Toronto Maple Leafs: Lightning’s Next Rivalry
Should the Lightning falter down the home stretch and slip to second or third in the Atlantic, they will likely play the Maple Leafs in the opening round of the playoffs. While these teams have little history in the postseason, they have slowly formed a rivalry over the last few seasons that is quickly becoming one of the best in the sport. While a playoff match-up against Toronto would be difficult on the Bolts, it would likely be the premier first-round series for the NHL.
Each game between these new rivals has been some of the most entertaining hockey this season. Games are fast and furious, with momentum swinging wildly period to period. For example, in their most recent game, the Lightning came back from a three-goal deficit to beat Toronto by scoring four goals in less than 15 minutes.
Due to their similar, offense first gameplan, a seven-game series against a healthy Maple Leafs could easily go either way for the Lightning. There is little separation between the two teams, meaning that almost every game could come down to a last-second shot or an overtime hero pulling their club to victory. While this match-up is more favorable than the Bruins, Toronto is still a team that Tampa Bay wants to avoid in the first round.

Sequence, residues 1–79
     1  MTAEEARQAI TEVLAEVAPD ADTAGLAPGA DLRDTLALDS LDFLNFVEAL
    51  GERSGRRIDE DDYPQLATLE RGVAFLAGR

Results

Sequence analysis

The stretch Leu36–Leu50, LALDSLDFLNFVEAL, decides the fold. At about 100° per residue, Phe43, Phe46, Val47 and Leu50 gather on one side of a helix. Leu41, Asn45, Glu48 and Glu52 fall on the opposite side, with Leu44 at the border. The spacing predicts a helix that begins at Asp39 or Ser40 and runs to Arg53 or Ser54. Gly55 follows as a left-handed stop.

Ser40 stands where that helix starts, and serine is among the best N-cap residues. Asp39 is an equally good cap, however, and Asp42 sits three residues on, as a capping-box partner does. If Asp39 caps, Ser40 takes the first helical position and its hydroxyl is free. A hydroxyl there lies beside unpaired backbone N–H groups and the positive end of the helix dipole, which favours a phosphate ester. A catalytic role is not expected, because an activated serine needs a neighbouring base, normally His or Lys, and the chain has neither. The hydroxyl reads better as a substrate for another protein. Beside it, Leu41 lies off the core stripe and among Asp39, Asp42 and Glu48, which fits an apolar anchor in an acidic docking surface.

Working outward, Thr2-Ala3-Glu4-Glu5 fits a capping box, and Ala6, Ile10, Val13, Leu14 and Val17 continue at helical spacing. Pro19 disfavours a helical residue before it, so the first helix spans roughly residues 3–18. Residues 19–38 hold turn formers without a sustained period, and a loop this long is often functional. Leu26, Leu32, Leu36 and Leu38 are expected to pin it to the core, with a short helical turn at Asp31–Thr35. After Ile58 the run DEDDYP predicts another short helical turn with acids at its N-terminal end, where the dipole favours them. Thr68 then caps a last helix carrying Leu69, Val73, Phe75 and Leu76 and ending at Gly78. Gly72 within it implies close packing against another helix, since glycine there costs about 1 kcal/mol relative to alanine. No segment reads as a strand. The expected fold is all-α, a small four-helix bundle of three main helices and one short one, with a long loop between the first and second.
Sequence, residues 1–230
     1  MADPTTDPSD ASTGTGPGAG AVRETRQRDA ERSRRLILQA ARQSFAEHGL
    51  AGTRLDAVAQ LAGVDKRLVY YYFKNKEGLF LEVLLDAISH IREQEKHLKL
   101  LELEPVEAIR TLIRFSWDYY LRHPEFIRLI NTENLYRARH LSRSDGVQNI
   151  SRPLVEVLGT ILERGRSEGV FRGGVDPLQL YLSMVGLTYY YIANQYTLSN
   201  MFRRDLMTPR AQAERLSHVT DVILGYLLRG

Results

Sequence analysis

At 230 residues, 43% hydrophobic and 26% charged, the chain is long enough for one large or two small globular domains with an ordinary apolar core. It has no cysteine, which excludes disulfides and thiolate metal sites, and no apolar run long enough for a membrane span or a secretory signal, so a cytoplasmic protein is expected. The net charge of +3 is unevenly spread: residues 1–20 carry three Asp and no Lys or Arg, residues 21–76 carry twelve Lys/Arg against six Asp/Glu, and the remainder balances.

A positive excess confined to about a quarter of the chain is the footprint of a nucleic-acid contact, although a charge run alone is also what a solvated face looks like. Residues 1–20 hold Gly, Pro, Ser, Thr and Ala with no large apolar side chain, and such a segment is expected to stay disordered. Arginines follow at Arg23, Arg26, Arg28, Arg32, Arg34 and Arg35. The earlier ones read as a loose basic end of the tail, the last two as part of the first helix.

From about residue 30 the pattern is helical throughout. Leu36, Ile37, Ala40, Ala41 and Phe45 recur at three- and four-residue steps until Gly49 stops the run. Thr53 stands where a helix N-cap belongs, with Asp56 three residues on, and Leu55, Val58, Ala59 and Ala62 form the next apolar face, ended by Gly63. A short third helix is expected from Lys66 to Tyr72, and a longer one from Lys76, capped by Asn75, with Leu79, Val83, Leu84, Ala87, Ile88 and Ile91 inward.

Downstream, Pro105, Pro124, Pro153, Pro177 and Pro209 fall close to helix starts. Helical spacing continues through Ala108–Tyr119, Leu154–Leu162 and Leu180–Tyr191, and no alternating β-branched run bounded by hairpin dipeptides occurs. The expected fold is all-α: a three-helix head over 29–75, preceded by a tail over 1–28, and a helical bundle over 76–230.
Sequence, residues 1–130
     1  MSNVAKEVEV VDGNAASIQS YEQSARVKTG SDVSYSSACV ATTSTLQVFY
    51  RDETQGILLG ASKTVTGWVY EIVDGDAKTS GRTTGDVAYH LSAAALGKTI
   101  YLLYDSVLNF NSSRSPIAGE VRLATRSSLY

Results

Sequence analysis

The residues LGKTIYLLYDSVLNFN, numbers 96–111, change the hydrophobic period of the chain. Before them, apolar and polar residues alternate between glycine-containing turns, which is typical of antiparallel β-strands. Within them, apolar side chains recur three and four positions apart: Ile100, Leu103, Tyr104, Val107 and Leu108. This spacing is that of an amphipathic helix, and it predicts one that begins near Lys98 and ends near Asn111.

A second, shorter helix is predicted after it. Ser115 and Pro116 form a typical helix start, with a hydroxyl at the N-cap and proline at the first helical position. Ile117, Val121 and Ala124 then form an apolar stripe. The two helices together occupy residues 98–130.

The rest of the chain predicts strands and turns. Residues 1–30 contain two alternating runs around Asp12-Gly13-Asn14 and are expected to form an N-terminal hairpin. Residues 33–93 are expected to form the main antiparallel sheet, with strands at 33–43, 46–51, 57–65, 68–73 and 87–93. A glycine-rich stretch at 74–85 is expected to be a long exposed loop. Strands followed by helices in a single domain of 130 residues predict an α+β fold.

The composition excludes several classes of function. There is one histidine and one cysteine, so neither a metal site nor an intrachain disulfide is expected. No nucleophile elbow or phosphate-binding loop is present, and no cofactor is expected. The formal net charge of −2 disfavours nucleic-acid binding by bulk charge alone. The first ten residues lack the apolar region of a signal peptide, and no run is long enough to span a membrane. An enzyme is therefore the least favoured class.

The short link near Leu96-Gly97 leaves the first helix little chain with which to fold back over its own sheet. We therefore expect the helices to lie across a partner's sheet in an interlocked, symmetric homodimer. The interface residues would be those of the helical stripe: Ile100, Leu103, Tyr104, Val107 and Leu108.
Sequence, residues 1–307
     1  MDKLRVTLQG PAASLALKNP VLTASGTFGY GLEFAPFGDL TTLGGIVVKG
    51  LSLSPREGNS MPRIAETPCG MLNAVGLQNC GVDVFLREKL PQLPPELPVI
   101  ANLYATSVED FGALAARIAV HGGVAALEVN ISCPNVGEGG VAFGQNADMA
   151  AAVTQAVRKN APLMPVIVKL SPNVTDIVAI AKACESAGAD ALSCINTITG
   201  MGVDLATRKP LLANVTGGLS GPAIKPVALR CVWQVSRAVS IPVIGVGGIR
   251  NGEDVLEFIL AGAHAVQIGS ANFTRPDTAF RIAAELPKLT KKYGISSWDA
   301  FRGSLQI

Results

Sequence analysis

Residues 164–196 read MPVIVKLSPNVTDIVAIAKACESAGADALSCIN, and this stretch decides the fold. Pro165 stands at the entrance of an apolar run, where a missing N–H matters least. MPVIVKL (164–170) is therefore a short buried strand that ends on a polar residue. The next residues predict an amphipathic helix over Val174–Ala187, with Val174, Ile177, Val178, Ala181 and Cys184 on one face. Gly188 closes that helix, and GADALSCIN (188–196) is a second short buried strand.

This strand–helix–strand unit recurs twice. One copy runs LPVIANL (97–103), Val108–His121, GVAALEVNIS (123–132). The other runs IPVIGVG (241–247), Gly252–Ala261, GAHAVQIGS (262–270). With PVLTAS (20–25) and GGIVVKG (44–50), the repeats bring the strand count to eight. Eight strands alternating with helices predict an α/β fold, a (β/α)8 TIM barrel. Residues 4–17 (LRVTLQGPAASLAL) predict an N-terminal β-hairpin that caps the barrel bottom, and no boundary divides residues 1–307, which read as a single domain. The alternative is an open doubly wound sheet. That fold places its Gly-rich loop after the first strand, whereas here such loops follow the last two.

Florida Panthers: A Proper Sunshine State Rivalry
Since the start of 2018, the Panthers have been one of the hottest teams in the NHL. During the new year, they pulled themselves from more than 10 points back from a playoff spot to a virtual a tie for the last wildcard in the East. With their recent superb play, it is likely that the Lightning could meet their in-state rivals should they win the Atlantic division.
The first playoff series between the Sunshine State’s top hockey clubs would help shed some light on a growing hockey rivalry in Florida. Given that the teams combined to score 39 goals in four games in their season series, this could be the surprise first-round match-up that steals all of the nightly highlights. The games would likely become a track meet, with both teams running up and down the ice and scorings goals at a seemingly impossible rate.